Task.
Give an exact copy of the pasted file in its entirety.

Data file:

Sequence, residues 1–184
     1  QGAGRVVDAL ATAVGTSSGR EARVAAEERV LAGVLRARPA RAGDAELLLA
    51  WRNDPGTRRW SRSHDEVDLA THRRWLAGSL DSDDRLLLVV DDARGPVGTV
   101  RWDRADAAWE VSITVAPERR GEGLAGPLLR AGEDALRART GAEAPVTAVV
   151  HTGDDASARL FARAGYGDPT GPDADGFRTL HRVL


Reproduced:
Sequence, residues 1–184
     1  QGAGRVVDAL ATAVGTSSGR EARVAAEERV LAGVLRARPA RAGDAELLLA
    51  WRNDPGTRRW SRSHDEVDLA THRRWLAGSL DSDDRLLLVV DDARGPVGTV
   101  RWDRADAAWE VSITVAPERR GEGLAGPLLR AGEDALRART GAEAPVTAVV
   151  HTGDDASARL FARAGYGDPT GPDADGFRTL HRVL